Ford’s giant green grass roof celebrates 10th anniversary

15 November 2013
By Tereza Pultarova
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The giant green roof of Ford's truck company started the sustainable building revolution

The giant green roof of Ford's truck company started the sustainable building revolution [Credit: Karen Chung]

The largest living roof in North America, and once the largest green roof in the world, is celebrating its 10th birthday, aiming to prove green roofs last longer than conventional ones.

Designed in 2003 by American architect William McDonough, the 42,178m² green roof covering Ford Motor Company’s historic River Rouge truck assembly plant in Dearborn, Michigan, paved the way for a revolution in sustainable architecture.

While there were fewer than 50 green roofs across the USA when the Ford project was developed, nearly 10,000 have been built since – many of them at prestigious buildings such as the Empire State Building, FedEx facility at Chicago O'Hare International Airport or the Nintendo headquarters in Richmond.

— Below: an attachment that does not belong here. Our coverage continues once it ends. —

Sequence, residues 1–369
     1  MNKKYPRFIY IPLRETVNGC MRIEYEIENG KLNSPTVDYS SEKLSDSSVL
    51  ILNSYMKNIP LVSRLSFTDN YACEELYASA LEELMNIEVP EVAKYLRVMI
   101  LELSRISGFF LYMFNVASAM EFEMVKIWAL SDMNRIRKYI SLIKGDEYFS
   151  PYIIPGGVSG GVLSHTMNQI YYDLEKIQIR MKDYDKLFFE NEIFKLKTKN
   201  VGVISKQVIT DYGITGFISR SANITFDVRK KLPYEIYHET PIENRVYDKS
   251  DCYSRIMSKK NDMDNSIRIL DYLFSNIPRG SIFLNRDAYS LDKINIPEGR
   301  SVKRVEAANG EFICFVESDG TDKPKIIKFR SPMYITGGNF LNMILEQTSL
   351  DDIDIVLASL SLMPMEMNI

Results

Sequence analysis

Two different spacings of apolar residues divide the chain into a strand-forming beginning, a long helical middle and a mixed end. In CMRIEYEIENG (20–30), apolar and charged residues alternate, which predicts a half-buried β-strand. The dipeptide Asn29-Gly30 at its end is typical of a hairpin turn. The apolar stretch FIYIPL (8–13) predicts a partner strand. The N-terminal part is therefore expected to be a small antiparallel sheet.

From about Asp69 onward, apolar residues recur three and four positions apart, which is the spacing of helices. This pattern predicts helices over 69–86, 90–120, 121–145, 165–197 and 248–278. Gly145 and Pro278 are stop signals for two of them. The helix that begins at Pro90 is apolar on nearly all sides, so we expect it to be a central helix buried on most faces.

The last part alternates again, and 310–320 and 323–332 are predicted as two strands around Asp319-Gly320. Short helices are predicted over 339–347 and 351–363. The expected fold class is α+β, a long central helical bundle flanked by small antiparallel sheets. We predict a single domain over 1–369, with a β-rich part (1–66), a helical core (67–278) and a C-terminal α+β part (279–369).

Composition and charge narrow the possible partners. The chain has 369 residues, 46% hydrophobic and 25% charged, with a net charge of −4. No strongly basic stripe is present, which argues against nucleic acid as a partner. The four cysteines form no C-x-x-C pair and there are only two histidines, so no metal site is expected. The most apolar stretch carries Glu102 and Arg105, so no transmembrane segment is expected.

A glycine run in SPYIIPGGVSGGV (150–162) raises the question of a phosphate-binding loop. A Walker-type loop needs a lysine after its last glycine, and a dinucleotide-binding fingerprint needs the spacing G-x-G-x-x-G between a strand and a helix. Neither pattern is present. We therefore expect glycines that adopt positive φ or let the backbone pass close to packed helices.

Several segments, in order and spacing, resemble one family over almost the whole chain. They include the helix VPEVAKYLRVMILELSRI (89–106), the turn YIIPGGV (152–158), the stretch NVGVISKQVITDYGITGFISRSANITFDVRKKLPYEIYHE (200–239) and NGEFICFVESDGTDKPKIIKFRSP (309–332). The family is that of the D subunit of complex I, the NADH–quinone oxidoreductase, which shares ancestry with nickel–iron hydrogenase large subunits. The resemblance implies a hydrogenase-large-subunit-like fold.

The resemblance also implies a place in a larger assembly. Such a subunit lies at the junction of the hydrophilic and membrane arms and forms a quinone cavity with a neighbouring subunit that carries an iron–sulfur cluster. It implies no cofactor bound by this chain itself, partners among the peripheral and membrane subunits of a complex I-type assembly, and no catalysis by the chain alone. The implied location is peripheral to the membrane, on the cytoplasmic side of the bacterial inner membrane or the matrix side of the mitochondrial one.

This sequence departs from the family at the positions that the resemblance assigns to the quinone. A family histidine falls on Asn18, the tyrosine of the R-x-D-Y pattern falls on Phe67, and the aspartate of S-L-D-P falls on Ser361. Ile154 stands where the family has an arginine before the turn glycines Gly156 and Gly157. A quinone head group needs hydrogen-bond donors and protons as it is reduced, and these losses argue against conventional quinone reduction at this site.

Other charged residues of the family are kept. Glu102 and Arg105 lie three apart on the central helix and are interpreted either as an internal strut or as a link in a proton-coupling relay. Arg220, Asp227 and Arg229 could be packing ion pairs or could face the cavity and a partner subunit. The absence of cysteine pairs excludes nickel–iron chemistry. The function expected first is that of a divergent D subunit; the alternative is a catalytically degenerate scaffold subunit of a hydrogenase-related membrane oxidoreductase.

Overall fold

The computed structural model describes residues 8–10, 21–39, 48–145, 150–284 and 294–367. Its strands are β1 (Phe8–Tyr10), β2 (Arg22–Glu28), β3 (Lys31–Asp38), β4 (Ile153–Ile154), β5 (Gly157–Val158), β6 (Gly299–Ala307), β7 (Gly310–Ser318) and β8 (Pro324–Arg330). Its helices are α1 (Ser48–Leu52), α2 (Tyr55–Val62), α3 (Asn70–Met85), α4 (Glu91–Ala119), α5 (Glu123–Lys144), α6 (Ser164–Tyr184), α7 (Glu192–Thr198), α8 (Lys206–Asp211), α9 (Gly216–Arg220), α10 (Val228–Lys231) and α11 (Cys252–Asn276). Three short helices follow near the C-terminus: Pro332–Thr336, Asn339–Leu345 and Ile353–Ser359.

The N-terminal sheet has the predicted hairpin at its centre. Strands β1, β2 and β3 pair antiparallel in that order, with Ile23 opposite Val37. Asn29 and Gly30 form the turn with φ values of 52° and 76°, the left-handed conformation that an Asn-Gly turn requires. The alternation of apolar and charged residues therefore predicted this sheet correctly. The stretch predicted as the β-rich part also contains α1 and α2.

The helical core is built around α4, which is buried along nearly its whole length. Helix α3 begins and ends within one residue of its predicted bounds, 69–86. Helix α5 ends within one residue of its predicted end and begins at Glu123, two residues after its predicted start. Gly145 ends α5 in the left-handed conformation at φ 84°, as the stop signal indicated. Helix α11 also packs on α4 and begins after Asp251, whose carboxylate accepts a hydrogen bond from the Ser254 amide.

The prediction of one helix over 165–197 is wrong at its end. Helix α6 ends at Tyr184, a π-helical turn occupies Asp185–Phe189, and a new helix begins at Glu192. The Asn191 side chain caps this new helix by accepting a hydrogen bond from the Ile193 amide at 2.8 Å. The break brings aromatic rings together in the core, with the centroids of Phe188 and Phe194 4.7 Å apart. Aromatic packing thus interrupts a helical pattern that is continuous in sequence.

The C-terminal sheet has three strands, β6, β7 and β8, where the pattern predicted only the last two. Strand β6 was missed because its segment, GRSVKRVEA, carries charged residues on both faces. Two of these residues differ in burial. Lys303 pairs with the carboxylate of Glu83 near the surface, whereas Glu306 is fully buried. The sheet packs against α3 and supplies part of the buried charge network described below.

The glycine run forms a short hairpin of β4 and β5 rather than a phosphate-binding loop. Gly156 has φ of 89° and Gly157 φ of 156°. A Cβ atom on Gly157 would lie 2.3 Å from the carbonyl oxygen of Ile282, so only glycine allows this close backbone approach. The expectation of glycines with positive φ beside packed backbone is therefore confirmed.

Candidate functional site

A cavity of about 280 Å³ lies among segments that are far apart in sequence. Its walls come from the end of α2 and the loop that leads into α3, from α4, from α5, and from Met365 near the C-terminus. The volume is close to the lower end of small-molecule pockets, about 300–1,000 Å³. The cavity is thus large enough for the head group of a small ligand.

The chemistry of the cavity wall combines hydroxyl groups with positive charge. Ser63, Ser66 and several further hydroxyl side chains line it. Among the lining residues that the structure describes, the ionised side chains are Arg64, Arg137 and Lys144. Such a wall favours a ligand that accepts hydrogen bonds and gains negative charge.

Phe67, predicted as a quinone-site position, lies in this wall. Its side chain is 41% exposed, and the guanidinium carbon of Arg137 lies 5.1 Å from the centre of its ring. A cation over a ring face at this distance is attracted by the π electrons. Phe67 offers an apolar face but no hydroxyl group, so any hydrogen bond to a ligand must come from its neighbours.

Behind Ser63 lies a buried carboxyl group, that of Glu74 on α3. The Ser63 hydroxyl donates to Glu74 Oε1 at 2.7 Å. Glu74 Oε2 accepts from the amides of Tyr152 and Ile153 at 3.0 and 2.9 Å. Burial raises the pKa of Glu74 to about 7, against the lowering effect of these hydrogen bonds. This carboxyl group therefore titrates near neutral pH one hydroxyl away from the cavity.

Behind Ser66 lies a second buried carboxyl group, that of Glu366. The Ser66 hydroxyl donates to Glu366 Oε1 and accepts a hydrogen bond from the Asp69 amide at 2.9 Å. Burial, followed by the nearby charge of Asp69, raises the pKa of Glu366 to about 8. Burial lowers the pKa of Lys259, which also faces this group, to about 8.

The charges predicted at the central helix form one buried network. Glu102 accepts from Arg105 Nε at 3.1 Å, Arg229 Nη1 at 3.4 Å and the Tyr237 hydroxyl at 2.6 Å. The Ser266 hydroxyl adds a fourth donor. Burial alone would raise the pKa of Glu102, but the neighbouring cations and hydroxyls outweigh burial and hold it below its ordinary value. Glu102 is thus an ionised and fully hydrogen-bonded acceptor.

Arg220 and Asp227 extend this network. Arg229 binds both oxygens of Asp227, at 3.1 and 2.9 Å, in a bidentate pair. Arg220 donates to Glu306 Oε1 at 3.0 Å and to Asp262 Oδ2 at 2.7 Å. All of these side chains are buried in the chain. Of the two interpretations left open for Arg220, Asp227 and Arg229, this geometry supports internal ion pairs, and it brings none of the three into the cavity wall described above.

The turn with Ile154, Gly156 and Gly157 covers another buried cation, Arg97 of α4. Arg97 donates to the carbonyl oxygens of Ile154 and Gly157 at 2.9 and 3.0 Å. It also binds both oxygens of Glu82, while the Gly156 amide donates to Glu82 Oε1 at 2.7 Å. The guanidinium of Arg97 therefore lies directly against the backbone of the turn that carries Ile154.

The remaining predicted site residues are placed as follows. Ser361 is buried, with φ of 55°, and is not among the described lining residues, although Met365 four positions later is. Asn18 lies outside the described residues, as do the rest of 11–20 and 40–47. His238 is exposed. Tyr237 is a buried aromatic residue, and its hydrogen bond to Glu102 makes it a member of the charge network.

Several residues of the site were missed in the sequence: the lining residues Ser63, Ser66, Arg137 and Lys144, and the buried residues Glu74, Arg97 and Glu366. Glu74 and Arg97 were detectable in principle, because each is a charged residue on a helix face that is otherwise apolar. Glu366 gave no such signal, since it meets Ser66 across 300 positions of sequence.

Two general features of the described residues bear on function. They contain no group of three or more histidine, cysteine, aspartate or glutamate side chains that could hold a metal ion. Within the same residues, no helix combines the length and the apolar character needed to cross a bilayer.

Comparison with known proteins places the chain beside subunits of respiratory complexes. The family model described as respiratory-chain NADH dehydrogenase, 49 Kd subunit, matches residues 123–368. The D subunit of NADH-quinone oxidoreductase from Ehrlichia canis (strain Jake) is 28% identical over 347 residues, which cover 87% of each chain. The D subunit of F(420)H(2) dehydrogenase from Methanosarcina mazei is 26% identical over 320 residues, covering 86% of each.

The roof, about the same size as eight football fields, is made from drought resistant sedum and sustains a dynamic ecosystem of over 35 insect, spider, and bird species and 11 plant species. Within five days of the living roof being installed, local killdeer had nested and laid eggs in the sedum.

Ford's living roof represented a progressive ecological innovation, and ten years after completion, the benefits are even more readily apparent. All original plant species have survived, largely on rainwater, and after over a decade of operation no replacements have been necessary.

"The building serves a number of human purposes, while looking quite beautiful and being relatively simple to maintain. This has been a great roof to go back and see, because it just gets better and better," said the projects godfather William McDonough.

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